Harrisville resident to graduate from URI as top psychology student
Todd McLeish, 401-874-7892
KINGSTON, R.I. – May 13, 2005 – She changed her major three times, but when Jennifer Vadeboncoeur finally decided to study psychology and history at the University of Rhode Island, it was soon obvious that she made the right decision. The Harrisville resident will graduate from URI on May 22 as the top psychology student in her class.
“I chose URI because of the variety of programming it offered,” she said. “I had so many interests and was unsure what major I wanted to pursue. But I took a psychology class during my senior year in high school and found it very interesting. Then, to better understand the contexts of psychology over the years, I added a history major in my junior year. The classes complement each other well.”
In addition to her studies, Vadeboncoeur volunteered for four years at the URI Women’s Center as a peer advocate in the Violence Against Women Prevention Program, which prompted her to earn an academic minor in Women’s Studies as well.
“I learned so much through this program about advocacy and counseling,” said Vadeboncoeur, who earned induction into five honor societies at URI. “It has really helped me to gain awareness of the problems of violence against women, and it inspired me to continue my volunteer work even after I graduate.”
It also motivated her to conduct her senior thesis research on the development and success of the domestic violence movement in the U.S., using Rhode Island as a case study.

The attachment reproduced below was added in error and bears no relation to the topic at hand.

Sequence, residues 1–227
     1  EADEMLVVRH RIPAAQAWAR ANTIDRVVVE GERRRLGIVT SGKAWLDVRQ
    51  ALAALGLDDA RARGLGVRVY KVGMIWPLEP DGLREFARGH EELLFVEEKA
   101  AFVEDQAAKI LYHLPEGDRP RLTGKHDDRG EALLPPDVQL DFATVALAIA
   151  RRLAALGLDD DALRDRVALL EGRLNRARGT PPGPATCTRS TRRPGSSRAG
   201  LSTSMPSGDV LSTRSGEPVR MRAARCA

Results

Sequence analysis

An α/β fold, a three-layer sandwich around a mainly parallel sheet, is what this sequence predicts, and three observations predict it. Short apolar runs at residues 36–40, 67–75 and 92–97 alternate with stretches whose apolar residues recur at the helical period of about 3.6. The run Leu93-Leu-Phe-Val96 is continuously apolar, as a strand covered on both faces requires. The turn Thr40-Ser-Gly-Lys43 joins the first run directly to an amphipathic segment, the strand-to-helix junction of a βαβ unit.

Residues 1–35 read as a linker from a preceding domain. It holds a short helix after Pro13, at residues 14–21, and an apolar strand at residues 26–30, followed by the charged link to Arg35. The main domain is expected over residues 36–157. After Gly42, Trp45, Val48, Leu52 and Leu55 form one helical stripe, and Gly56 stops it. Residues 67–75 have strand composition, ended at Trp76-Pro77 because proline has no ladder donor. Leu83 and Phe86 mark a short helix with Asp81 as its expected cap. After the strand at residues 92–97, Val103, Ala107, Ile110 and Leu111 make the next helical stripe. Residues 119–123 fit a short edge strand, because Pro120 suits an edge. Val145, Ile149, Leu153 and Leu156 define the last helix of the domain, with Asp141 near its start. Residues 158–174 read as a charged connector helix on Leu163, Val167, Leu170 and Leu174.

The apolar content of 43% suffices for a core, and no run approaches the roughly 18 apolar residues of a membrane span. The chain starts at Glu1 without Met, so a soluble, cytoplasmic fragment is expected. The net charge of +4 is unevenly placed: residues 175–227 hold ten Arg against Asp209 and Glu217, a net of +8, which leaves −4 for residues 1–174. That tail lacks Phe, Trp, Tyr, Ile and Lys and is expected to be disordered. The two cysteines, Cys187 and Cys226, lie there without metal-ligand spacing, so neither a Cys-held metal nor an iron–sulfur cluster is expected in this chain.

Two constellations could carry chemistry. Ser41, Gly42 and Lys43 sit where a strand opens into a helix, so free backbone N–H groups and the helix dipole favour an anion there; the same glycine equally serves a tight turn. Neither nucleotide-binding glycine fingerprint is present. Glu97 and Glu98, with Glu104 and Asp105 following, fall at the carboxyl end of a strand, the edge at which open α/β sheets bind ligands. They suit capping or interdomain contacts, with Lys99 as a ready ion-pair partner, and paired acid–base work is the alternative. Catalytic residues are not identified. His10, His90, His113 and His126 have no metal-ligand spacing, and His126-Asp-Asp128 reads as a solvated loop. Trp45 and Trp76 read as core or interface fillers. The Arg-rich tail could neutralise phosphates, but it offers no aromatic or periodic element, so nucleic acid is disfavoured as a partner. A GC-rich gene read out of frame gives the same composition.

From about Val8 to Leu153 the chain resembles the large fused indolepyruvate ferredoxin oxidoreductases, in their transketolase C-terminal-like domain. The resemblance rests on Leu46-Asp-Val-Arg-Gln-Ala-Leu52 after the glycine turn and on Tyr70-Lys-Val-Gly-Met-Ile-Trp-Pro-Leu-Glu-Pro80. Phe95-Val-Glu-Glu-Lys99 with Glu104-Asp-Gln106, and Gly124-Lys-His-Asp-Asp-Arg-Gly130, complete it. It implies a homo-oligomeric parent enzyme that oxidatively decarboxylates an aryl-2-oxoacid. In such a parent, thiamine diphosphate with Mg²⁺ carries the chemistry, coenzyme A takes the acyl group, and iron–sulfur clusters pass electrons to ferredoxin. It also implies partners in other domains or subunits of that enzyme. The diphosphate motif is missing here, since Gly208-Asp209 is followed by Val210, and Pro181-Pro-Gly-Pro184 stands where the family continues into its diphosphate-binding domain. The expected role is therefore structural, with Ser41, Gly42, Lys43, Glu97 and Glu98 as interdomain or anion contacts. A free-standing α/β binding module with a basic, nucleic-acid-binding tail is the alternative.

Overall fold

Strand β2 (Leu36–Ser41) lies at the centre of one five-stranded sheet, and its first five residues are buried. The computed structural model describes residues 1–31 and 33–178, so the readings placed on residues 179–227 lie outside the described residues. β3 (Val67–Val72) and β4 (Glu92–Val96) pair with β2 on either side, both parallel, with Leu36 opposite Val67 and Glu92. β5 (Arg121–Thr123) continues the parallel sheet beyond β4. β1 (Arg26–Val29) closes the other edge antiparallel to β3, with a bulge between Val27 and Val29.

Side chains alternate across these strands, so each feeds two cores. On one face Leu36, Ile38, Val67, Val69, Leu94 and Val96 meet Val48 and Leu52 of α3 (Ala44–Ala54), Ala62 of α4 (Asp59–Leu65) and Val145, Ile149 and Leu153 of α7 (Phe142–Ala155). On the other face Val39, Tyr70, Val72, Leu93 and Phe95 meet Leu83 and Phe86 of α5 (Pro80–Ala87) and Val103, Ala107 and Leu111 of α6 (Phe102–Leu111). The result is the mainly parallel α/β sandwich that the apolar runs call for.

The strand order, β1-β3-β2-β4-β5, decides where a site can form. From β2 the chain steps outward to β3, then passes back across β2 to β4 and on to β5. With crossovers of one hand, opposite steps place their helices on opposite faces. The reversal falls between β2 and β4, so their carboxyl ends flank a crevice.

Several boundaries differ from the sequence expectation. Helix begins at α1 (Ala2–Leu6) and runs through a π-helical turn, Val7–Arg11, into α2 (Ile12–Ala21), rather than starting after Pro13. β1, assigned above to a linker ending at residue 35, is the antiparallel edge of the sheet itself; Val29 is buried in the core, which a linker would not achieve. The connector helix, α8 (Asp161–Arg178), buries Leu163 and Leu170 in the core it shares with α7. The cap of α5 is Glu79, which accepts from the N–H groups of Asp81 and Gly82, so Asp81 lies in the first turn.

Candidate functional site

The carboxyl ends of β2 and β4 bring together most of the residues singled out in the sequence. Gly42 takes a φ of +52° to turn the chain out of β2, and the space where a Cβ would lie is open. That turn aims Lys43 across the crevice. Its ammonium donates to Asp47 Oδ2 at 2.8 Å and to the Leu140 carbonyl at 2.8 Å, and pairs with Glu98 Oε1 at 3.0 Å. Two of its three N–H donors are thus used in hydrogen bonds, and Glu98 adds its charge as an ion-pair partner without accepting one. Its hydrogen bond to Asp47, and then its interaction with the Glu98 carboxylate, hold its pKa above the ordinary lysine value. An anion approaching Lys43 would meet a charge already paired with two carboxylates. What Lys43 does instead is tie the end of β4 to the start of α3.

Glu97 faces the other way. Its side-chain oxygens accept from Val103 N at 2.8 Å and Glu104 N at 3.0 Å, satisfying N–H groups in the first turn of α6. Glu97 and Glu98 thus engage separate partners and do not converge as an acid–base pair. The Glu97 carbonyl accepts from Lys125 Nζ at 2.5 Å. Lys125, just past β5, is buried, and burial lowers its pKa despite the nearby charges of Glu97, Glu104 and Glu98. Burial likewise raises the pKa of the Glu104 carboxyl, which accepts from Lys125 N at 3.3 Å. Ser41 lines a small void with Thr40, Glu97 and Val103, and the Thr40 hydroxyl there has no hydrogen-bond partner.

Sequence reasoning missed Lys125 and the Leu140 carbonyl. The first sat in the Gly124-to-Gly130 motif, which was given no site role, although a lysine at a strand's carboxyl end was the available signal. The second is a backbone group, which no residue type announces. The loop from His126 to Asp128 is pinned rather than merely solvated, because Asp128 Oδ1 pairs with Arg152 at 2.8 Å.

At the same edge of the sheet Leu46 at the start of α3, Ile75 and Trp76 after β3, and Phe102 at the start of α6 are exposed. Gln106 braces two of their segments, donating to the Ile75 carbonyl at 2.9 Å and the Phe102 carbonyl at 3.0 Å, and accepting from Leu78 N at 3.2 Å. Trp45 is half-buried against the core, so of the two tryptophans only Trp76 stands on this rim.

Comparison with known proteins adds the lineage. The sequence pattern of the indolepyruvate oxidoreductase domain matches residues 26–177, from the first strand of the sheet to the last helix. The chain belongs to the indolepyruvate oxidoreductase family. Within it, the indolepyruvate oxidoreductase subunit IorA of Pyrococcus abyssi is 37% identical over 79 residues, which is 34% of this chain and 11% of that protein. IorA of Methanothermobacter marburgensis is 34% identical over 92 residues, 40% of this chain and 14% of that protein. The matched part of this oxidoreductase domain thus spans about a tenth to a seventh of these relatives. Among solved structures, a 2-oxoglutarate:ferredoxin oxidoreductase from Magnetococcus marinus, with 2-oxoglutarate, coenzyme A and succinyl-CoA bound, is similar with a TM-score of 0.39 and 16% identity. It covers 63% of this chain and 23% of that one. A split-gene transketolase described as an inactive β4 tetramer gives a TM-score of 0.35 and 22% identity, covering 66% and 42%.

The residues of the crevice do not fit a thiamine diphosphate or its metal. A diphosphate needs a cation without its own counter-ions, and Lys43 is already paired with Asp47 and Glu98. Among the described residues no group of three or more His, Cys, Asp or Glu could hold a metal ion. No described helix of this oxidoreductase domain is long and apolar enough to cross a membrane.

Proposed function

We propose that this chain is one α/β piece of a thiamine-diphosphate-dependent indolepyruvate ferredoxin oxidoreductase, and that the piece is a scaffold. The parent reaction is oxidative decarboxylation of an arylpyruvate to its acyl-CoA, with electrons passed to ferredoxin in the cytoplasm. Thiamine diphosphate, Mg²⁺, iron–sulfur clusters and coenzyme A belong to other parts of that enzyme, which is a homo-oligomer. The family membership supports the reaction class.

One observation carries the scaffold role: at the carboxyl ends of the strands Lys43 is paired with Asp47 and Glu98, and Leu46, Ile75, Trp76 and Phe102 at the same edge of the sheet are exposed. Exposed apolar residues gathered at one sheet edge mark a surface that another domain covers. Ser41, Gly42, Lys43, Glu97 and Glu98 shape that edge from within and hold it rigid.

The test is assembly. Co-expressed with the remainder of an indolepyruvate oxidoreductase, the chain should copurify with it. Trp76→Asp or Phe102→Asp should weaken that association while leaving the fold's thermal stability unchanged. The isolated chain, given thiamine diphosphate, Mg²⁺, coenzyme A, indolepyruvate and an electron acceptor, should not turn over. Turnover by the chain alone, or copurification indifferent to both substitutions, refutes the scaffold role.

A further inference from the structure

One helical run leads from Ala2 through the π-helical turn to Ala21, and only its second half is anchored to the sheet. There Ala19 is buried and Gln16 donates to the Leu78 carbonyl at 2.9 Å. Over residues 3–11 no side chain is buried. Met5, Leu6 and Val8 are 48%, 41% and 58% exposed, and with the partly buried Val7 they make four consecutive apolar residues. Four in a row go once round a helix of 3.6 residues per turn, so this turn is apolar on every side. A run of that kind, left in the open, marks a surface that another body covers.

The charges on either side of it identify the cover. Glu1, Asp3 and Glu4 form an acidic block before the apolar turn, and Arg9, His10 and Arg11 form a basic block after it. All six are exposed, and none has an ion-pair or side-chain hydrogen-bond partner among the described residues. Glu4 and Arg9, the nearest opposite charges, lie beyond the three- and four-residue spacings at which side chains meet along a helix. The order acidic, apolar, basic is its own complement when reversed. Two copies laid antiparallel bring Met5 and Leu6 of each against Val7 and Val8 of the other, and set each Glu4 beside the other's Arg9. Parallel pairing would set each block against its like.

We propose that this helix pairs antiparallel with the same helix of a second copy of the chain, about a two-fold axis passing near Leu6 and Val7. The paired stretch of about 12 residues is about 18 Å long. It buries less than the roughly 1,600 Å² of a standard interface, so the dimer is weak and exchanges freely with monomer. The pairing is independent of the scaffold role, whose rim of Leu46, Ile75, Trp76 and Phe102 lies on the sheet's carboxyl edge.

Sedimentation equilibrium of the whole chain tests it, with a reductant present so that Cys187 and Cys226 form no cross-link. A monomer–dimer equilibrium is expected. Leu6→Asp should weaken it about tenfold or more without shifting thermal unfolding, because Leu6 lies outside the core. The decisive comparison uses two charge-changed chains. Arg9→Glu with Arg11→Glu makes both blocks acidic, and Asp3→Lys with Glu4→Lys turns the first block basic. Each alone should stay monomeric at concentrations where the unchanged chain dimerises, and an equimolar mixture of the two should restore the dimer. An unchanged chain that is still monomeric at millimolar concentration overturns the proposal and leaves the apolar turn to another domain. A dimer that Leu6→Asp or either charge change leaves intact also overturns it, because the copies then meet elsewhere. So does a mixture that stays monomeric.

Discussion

“It was all original research, because no one had looked at this topic in the historical sense and put it together before,” Vadeboncoeur said. “The movement has made a lot of progress since it began as a grassroots movement in the 1970s. The Rhode Island movement has even been the model for other states in some ways -- our domestic violence court was one of the first in the nation, our police training programs were the first to co-train police officers and victim advocates, and the recent public awareness campaigns by the Rhode Island Coalition Against Domestic Violence were distributed around the nation. There is still a lot of work to do, but much progress has been made and Rhode Island has been more accepting of these changes than some other states.”
After graduating from URI later this month, Vadeboncoeur will continue her education at Rhode Island College where she will study secondary education with a concentration in history.
“Someday I plan to pursue my doctorate in history,” she added. “Eventually I hope to teach history at the college level, though I would also enjoy working at a museum or historical archives as well.”